• Provides services for server-to-server file transfer.
  • SSL/TLS has good authentication mechanisms (X.509 certificate features).
  • FTP and SSL/TLS support is built into many internet communications frameworks.


  • Does not have a uniform directory listing format.
  • Requires a secondary DATA channel, which makes it hard to use behind firewalls.
  • Does not define a standard for file name character sets (encodings).
  • Not all FTP servers support SSL/TLS.
  • Does not have a standard way to get and change file or directory attributes.


SFTP (SSH File Transfer Protocol) is a network protocol that provides file transfer and manipulation functionality over any reliable data stream. SFTP service is typically used with the SSH-2 protocol (TCP port 22) to provide secure file transfer, but is intended to be usable with other protocols as well.

SFTP abbreviation is often mistakenly used to specify some kind of Secure FTP, by which people most often mean FTPS. Another (similar) mistake is that SFTP is thought to be some kind of FTP over SSL. In fact SFTP is an abbreviation of SSH File Transfer Protocol. This is not FTP over SSL and not FTP over SSH (which is also technically possible, but very rare).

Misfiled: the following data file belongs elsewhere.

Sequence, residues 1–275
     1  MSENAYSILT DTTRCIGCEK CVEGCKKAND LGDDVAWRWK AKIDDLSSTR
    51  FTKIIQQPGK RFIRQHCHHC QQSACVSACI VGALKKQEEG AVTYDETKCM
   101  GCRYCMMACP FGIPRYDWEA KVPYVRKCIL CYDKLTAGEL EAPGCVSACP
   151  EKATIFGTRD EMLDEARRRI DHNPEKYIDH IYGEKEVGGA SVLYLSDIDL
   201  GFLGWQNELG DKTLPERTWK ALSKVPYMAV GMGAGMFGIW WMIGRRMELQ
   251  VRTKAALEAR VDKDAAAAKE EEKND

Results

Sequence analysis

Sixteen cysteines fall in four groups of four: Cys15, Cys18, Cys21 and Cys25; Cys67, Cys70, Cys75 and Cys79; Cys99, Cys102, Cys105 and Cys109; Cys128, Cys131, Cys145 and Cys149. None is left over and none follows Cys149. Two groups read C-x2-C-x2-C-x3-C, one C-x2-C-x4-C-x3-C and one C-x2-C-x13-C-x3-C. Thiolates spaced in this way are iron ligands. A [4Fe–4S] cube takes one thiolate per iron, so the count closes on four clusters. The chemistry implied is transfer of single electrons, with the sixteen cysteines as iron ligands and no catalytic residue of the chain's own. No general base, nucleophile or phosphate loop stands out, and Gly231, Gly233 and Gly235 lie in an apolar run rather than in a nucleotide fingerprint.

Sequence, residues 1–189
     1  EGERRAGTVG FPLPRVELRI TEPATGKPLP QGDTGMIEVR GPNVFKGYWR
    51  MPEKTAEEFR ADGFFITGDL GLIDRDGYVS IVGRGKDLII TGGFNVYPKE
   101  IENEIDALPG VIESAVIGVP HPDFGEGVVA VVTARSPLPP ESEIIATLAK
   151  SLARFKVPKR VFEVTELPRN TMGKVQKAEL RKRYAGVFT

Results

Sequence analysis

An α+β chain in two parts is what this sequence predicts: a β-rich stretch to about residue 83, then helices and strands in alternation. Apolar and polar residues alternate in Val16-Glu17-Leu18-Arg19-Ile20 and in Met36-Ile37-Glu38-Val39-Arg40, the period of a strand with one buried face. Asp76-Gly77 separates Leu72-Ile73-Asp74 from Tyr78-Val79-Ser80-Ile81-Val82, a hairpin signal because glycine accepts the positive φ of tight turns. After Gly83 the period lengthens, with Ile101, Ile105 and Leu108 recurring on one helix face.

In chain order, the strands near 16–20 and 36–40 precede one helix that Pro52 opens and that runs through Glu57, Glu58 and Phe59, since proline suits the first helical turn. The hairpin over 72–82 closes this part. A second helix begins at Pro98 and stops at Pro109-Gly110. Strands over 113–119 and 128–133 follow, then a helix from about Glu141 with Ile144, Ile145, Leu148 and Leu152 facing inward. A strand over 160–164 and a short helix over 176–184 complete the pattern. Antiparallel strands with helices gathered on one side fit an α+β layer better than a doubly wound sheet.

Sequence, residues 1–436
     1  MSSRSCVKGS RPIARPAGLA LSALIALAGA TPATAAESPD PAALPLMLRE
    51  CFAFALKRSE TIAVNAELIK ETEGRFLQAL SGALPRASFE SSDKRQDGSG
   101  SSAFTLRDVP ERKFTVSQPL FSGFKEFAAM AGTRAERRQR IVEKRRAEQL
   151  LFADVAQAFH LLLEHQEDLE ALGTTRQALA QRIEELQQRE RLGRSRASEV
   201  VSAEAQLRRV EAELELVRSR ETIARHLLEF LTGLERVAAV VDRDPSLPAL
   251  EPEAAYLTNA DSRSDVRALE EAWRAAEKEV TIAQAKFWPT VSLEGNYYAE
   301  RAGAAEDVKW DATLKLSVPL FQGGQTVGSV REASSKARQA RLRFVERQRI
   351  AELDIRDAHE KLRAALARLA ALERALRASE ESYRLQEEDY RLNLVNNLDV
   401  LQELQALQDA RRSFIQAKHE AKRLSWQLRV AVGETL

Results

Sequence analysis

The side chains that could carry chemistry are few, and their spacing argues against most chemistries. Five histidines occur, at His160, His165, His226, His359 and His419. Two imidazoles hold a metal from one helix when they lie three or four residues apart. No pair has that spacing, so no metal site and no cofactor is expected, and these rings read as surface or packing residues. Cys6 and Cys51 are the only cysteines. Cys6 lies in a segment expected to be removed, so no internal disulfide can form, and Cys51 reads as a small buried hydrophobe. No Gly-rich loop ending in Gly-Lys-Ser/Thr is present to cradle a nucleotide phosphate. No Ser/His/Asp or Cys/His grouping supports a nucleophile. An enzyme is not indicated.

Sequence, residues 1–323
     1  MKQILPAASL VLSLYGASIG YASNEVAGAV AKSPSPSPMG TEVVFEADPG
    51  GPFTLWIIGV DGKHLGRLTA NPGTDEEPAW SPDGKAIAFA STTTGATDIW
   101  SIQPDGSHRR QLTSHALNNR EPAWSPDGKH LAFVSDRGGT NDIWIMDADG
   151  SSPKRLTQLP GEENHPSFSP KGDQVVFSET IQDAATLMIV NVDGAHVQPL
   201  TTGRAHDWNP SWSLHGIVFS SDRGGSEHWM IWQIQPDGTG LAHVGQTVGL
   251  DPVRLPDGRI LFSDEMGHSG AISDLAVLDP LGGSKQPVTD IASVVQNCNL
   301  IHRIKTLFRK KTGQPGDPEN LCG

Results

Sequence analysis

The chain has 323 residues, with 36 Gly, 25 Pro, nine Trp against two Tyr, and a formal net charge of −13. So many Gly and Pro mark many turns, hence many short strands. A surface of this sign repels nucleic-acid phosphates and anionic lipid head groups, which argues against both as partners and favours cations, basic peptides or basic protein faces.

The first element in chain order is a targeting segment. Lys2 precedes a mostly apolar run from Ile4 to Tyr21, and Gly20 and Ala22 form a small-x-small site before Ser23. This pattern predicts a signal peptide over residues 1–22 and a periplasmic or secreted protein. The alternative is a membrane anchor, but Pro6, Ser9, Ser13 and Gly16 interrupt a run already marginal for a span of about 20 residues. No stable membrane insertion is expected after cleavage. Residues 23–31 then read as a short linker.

SFTP Connection


  • Has good standards background which strictly defines most (if not all) aspects of operations.
  • Has only one connection (no need for DATA connection).
  • The connection is always secured.
  • The directory listing is uniform and machine-readable.
  • The protocol includes operations for permission and attribute manipulation, file locking and more functionality.


  • The communication is binary and can’t be logged "as is" for human reading.
  • SSH keys are harder to manage and validate.
  • The standards define certain things as optional or recommended, which leads to certain compatibility problems between different software titles from different vendors.
  • No server-to-server copy and recursive directory removal operations.
  • No built-in SSH/SFTP support in VCL and .NET frameworks.







Unencrypted information exchange in both command and data channels.

Communication is human readable.

Encryptions happens on both command and data channels via either implicit SSL or explicit SSL.

Communication is human-readable.

All information exchange between the FTP server and client are encrypted via SSH protocol. SFTP can also encrypts the session.

Communication is not human-readable as it’s in a binary format.

Firewall Port for Server

Allow inbound connections on port 21

Allow inbound connections on port 21 and/or 990, 989

Allow inbound connections on port 22

Firewall Port for Client

Allow outbound connections to port 21 and passive port range defined by server

Allow outbound connections to port 21 and passive port range defined by server

Allow outbound connections to port 22

Senior Software Engineer at Software Medico. Interested in programming since he was 14 years old, Carlos is a self-taught programmer and founder and author of most of the articles at Our Code World.